Ideally, anodes would be designed so that they can be regenerated without use of alternative feedstocks or extensive downtime, but failing this, they need to be designed to be regenerated at the minimum temperature for as short a time as possible and be able to withstand any changes which take place during regeneration. From the catalysis literature, it is probable that many promoters which prevent carbon deposition in the first place are also effective in aiding regeneration, whereas for sulfur tolerance where sacrificial phases are used, these might bind more strongly to sulfur, requiring harsher conditions for regeneration.

Exsolution of nanoparticles from MIECs and symmetrical SOFCs also provide interesting alternatives to conventional cermet anodes in terms of regeneration. While this potential benefit has been noted in the literature on these materials, there is little published experimental work proving it.

9.8. Theoretical and Computational Studies

It has become clear in the last five years that theoretical and computational chemistry is finally becoming able to provide accurate insights into the chemical behavior of materials and even interfaces.471 Very recently, accurate predictions have even been made as to the structure and properties of previously

unknown materials relevant to SOFCs.472 A historical problem in SOFC research (and scientific research in general) is the lack of coordination between groups working in different fields. Groups working in fields such as materials chemistry and detailed in situ and ex situ characterization would surely benefit from incorporating insights from theoretical chemistry in the future and making sure their work is relevant to the challenges in SOFCs.

9.9. Reflections on Experimental Work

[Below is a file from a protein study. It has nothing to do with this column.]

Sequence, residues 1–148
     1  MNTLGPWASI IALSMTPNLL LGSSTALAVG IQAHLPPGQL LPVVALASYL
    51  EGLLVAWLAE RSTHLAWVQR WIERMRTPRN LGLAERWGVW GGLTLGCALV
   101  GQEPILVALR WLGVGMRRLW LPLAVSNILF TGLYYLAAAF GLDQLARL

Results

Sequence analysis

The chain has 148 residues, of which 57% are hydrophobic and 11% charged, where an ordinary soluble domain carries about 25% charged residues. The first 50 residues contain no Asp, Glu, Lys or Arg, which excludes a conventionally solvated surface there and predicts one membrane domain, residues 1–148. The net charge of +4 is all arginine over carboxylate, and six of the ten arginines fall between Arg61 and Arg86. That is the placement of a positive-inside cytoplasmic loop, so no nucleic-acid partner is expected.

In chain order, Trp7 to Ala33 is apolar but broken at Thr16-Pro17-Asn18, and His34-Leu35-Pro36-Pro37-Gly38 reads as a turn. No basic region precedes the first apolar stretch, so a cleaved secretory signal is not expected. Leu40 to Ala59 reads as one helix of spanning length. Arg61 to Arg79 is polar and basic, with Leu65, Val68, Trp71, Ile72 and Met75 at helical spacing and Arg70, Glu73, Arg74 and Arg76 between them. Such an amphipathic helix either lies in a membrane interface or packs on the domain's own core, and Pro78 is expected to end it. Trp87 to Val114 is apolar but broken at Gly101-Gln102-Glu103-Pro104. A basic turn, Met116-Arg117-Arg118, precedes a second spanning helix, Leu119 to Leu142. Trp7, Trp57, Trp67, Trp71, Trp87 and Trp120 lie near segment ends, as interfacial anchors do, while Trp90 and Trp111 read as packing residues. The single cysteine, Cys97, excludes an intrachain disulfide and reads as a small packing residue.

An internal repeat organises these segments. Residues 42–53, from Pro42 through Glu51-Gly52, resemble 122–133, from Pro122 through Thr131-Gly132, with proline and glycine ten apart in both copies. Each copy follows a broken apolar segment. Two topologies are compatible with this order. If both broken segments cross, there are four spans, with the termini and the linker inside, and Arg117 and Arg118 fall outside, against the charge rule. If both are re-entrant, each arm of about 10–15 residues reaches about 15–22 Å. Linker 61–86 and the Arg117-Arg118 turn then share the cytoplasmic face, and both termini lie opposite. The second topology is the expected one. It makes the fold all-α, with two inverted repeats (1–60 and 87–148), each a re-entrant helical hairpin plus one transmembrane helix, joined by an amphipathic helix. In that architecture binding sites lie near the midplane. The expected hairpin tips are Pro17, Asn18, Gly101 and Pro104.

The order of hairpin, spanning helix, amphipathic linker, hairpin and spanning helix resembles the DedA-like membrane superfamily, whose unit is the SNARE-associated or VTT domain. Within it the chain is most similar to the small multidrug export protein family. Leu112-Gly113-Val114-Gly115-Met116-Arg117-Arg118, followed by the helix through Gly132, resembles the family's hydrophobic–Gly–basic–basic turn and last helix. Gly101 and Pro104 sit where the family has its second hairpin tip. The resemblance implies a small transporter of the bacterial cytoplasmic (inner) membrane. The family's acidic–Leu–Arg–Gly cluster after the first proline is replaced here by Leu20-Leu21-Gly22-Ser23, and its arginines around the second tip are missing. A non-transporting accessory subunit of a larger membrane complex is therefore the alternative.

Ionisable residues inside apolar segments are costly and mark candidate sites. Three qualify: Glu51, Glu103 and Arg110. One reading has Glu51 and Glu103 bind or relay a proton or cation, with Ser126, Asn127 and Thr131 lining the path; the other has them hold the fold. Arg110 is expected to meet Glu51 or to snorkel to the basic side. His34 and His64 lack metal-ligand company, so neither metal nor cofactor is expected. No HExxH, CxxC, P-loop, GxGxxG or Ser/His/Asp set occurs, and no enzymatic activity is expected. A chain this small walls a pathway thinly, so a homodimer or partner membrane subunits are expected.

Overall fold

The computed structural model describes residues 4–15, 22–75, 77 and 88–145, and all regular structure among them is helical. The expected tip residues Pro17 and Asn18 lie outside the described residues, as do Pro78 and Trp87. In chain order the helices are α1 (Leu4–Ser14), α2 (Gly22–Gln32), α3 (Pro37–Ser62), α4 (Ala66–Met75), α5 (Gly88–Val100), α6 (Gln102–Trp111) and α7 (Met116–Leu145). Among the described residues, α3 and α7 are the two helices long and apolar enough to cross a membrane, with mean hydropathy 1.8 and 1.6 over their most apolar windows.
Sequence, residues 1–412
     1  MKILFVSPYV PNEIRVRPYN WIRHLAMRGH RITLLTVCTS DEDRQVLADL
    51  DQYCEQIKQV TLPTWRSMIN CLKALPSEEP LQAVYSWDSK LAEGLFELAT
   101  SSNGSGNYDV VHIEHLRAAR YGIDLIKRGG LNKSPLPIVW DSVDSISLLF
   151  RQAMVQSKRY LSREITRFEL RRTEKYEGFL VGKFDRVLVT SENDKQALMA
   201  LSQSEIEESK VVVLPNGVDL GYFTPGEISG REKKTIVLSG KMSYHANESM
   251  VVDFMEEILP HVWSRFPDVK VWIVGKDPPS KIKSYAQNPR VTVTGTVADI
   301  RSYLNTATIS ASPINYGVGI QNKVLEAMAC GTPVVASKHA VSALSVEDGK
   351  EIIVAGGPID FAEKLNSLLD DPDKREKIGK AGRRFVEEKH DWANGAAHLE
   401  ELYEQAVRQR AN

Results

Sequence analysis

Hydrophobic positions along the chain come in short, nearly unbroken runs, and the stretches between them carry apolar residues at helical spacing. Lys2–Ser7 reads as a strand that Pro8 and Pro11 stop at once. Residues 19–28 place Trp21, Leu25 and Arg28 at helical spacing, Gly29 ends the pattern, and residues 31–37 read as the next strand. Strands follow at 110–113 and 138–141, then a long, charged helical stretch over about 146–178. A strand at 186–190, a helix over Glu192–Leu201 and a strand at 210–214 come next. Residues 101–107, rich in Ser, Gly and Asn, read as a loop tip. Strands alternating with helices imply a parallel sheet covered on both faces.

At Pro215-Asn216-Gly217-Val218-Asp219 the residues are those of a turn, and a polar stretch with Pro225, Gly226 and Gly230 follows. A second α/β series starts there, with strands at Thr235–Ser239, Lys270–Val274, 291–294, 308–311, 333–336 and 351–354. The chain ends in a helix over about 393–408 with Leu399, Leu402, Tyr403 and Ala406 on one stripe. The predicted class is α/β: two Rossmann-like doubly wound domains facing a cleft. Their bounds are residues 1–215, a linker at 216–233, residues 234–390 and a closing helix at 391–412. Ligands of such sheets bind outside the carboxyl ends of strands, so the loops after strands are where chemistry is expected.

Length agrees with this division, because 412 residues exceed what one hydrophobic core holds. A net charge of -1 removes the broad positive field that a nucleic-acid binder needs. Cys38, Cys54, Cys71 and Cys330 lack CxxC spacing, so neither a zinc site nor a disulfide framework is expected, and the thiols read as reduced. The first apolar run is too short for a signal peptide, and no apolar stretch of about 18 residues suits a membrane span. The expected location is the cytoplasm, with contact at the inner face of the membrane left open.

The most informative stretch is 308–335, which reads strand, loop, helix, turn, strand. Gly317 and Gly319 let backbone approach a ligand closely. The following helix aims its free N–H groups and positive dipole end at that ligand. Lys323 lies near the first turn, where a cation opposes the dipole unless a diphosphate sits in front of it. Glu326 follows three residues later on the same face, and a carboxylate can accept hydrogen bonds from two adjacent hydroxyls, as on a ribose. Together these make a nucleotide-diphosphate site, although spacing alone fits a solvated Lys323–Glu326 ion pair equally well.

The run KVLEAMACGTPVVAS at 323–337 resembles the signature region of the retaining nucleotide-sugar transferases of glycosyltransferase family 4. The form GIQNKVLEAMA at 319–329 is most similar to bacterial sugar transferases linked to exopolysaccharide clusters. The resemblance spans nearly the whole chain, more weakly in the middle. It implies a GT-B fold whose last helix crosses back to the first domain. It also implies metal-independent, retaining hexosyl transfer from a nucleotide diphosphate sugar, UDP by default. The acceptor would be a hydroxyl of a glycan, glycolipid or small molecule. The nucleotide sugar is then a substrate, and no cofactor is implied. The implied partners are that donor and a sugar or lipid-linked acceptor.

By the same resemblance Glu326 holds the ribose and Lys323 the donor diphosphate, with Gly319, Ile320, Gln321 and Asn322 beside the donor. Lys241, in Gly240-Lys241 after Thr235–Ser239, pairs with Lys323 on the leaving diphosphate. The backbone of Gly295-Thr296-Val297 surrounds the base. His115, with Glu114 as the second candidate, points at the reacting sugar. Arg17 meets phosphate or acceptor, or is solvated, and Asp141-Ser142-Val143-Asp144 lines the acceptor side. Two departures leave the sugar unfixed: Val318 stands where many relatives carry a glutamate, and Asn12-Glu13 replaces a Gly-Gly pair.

Many in the literature have claimed experimental results of tolerance against carbon and sulfur. However, caution needs to be taken in the techniques used to analyze these results, and during the research and writing of this review we have noted some points relating to this. (1) Claiming carbon tolerance by lack of performance degradation. It is certainly true that an anode is carbon tolerant if it maintains performance over a long period of time regardless of whether or not carbon is actually present. However, it cannot be claimed that a lack of degradation means that there is no carbon, as it has been shown many times that cells can operate without performance degradation for significant periods despite carbon being deposited. Certainly a testing period of a day or a week as used in many papers is not long enough to claim carbon tolerance in the absence of other data proving that either there is no carbon or that the carbon has reached some kind of steady state. (2) Claiming carbon tolerance by lack of carbon in SEM. While SEM is clearly a useful technique for assessing microstructure, the lack of carbon whiskers in an SEM image is not proof of a lack of carbon. Even EDX needs careful sample preparation for accurate quantitative analysis, for example polishing. (3) Low measured OCVs. This applies to two different systems, thin doped ceria electrolytes and air leakage into the anode chamber. It has been shown that leaks causing an increase in measured OCV of less than 0.02 V from 1.223 to 1.239 V in dry methane results in a decrease in implied water content (as calculated from the H2/O2 equilibrium) of 30% from 0.24% to 0.17%. This is enough to result in a dramatic decrease by over half in the amount of carbon deposition over a period of 1 h. Likewise, many groups using 10-50 ^m CGO and CSO electrolytes report OCVs below 0.9 V, which implies a substantial oxygen flux at OCV through the electrolyte caused by the electronic conductivity of doped ceria (or through a slightly permeable electrolyte). This oxygen flux or leakage should be extremely effective at preventing carbon deposition and improving sulfur tolerance, but if the aim is to study the carbon and sulfur tolerance of the electrode materials then care should be taken to account for this. (4) Current collectors. The paper referred to above also showed that the coverage of silver current collector paste can have a large effect on carbon deposition, even completely preventing it if the electrode is completely covered. Presumably, this works in a similar way to the barrier layer concept discussed in section 6.2. There has also been considerable controversy over the use of platinum current collectors, with claimed high power densities in dry methane for some MIECs being shown to be almost entirely due to the use of platinum current collectors and doped ceria electrolytes.240 (5) Humidification. As shown above, the exact level of humidification can have a profound effect on carbon and sulfur tolerance. Many studies report 3% humidification levels, which if using a bubbler, implies a water temperature of just under 25 °C (25 °C would actually be 3.1%). This seems quite warm for a lab temperature, although the authors of this